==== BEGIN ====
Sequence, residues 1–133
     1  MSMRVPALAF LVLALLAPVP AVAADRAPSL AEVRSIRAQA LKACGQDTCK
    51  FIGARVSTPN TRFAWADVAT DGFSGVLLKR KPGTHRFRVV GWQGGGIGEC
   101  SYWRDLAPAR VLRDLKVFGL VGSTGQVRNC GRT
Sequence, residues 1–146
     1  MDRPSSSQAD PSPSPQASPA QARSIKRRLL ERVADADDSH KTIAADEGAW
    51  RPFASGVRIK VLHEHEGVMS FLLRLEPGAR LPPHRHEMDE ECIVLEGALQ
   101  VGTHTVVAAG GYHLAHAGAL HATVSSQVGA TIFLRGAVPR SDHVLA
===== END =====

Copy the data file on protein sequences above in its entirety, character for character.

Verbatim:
Sequence, residues 1–133
     1  MSMRVPALAF LVLALLAPVP AVAADRAPSL AEVRSIRAQA LKACGQDTCK
    51  FIGARVSTPN TRFAWADVAT DGFSGVLLKR KPGTHRFRVV GWQGGGIGEC
   101  SYWRDLAPAR VLRDLKVFGL VGSTGQVRNC GRT
Sequence, residues 1–146
     1  MDRPSSSQAD PSPSPQASPA QARSIKRRLL ERVADADDSH KTIAADEGAW
    51  RPFASGVRIK VLHEHEGVMS FLLRLEPGAR LPPHRHEMDE ECIVLEGALQ
   101  VGTHTVVAAG GYHLAHAGAL HATVSSQVGA TIFLRGAVPR SDHVLA